The affair not only shows the concern to gain time that overrode all other considerations in Khomeini’s mind; it also provided him with a unique opportunity to test the relative strength of the various forces as reflected through the debates on the constitution and the subsequent election of the assembly of experts. The IRP alone won over fifty seats, with several other delegates tending to vote with it on all controversial issues.
Once the balance of forces was out in the open for all to see, the theocratization of the state rolled on at full steam: velayat-e faqih was introduced into the constitution, and the Islamic Council of Guardians was given full vetoing power over all legislation. All clauses in the draft that referred to popular sovereignty were eliminated. The new constitution specifically spelled out that the basis of the Islamic Republic was faith in various Shi’i dogmas and that the power of legislation belonged to God. Attacks against the provisional government were stepped up, eventually forcing Bazargan’s resignation in the aftermath of the hostage taking at the American embassy in November 1979.
There was yet a fourth consideration on Khomeini’s mind that explains his initial support for Bani Sadr’s candidacy in the presidential elections. In this Khomeini was more astute than even his keenest follower and disciple, Beheshti. Although Khomeini argued for, and was assured of, complete control of the government by the clergy, he still preferred to fill the formal positions of the state – such as the presidency, premiership, ministries, and so on – with loyal lay politicians. This reflects his deep existential concern for the clergy as a caste. He was fully aware that he had inherited a crisis-ridden society, with high expectations for improvement on the part of a volatile population. He was deeply concerned that a certain formal distance should be preserved between the clergy and official posts, so that failure would not reflect directly on the clergy. As he later stated, when addressing the Council of Guardians on 11 December 1983:
Before the revolution, I used to think that once the revolution was victorious, there would be virtuous individuals who would run our affairs according to Islam. Therefore, I repeatedly said that the clergy would attend to their own affairs. But later I realized that in their majority they [the available people] were not virtuous. I saw that I had been wrong.
He continues to voice concern over this intimate involvement of the clergy in the day-to-day running of the country, repeatedly warning the clergy that if they should fail in their current mission, Islam will be lost forever.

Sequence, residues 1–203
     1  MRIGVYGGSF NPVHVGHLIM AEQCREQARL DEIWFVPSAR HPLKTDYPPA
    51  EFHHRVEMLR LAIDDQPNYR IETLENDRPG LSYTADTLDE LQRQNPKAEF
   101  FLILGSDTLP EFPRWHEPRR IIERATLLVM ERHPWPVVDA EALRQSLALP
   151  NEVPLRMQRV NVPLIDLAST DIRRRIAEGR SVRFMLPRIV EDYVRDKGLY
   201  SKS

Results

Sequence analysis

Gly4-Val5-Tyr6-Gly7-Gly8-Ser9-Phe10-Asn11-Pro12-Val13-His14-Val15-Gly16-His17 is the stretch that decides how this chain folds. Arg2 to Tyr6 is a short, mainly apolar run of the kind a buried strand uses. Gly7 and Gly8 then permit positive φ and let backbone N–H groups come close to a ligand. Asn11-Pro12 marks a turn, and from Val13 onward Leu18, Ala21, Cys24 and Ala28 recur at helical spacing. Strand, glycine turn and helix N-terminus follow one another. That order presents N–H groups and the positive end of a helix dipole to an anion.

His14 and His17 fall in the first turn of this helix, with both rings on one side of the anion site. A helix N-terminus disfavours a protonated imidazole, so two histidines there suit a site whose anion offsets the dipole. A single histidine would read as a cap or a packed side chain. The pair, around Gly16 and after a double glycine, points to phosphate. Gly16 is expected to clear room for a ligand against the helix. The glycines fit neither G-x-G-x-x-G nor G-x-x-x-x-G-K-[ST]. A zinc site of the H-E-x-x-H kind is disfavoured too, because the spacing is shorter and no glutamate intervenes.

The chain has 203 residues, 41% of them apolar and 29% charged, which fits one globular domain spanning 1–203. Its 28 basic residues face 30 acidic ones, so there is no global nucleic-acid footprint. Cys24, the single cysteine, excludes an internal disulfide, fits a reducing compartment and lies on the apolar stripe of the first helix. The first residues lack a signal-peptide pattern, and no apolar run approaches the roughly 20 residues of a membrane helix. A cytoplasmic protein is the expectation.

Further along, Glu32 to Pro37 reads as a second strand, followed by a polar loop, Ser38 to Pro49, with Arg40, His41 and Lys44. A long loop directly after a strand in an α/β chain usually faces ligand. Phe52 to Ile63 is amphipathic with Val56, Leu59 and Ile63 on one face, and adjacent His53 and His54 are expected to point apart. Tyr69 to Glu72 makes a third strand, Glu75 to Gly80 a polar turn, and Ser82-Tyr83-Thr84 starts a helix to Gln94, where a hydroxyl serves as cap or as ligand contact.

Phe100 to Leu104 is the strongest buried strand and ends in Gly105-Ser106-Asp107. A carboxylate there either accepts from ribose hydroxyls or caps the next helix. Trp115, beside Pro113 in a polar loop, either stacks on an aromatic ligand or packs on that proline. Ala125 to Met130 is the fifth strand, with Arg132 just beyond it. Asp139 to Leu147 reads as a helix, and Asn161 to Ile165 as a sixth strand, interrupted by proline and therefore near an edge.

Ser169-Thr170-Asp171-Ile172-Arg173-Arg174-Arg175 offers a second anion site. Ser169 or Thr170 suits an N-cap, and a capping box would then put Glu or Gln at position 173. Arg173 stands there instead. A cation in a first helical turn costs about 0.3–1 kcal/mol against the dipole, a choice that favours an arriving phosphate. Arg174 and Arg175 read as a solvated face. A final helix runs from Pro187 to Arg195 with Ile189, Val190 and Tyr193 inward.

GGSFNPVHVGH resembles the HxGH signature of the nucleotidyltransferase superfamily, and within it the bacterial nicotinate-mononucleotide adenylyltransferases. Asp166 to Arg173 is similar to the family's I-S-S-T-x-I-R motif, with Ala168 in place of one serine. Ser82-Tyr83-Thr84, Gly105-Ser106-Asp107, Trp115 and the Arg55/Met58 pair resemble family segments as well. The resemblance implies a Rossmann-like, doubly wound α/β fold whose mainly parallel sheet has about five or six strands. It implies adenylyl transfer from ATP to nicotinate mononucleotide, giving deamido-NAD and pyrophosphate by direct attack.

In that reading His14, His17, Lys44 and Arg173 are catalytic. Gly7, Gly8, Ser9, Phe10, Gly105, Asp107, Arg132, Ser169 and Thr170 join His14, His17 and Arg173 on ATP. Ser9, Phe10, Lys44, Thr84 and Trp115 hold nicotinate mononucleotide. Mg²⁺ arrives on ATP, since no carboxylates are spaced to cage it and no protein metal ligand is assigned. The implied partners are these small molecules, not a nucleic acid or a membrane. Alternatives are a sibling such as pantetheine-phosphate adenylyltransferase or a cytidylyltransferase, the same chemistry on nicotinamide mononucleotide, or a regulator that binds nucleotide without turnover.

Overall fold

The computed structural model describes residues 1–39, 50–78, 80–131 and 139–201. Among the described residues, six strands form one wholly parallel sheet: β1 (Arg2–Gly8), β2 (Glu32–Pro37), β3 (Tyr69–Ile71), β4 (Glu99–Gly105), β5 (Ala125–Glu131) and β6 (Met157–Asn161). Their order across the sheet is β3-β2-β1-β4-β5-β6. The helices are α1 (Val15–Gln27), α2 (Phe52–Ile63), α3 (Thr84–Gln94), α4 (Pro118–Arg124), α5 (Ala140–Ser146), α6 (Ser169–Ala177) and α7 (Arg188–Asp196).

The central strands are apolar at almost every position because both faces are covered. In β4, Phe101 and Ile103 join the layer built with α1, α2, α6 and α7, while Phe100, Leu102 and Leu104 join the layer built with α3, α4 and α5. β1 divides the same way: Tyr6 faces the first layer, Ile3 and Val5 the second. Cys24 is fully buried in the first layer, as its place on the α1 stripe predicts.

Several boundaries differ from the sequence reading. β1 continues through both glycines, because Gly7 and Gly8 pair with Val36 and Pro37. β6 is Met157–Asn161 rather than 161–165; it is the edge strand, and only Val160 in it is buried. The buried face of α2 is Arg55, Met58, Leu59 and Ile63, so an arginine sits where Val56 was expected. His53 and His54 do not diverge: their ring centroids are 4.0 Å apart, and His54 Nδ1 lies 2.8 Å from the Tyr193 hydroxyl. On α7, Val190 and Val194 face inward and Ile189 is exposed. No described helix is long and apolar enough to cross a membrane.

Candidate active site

Bakhash’s book provides enormously rich material for a discussion and analysis of these and many other crucial issues. His own presentation, however, is for the most part descriptive. There are numerous insightful textual analyses of various political declarations and texts, the positions of various political groups and leaders, and so on, but the author fails to provide any overall analysis of the Iranian revolution.
In the second book, The Government of God, the authors devote much attention to analysis, not an analysis of the Iranian revolution, but an analysis of various theoretical and analytical models. The first chapter, aptly entitled Crisis in Iran, Crisis in Development Theory, reviews the shortcomings of what it refers to as the two main trends of academic thinking about the Third World. The first, the ‘mainstream version’, is exemplified by the writings of such figures as Samuel Huntington. The second trend is that of the dependency school of development theory (of Gundar Frank and many Latin American theorists). The authors sharply criticize both versions, concluding that:
Given their theoretical framework, the emergence of an Islamic Republic in Iran was “unthinkable” for most modernization theorists. Popular uprisings, virulent anti-Western sentiments and the ascent of the clergy, the ousting of the Shah, these were developments not at all in line with either orthodox or neo-Marxist theory; for if there was ever a country that apparently conformed to the expected orthodox course of modernization, it was Iran, and if there was ever a country whose proletariat and peasantry were bound to be politicized by the left against all the traditional forms of oppression (by king, landowners, imperialists, and clergy), surely it was Iran (p 12).